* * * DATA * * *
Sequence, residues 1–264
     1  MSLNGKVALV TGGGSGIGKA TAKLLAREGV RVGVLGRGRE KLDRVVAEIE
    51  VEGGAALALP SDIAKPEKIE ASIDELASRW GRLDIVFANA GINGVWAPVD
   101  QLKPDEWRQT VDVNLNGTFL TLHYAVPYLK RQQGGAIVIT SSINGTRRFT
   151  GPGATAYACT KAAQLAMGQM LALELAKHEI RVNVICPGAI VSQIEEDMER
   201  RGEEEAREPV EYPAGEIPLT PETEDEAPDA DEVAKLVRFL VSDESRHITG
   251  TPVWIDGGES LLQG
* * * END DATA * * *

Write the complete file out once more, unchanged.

Sequence, residues 1–264
     1  MSLNGKVALV TGGGSGIGKA TAKLLAREGV RVGVLGRGRE KLDRVVAEIE
    51  VEGGAALALP SDIAKPEKIE ASIDELASRW GRLDIVFANA GINGVWAPVD
   101  QLKPDEWRQT VDVNLNGTFL TLHYAVPYLK RQQGGAIVIT SSINGTRRFT
   151  GPGATAYACT KAAQLAMGQM LALELAKHEI RVNVICPGAI VSQIEEDMER
   201  RGEEEAREPV EYPAGEIPLT PETEDEAPDA DEVAKLVRFL VSDESRHITG
   251  TPVWIDGGES LLQG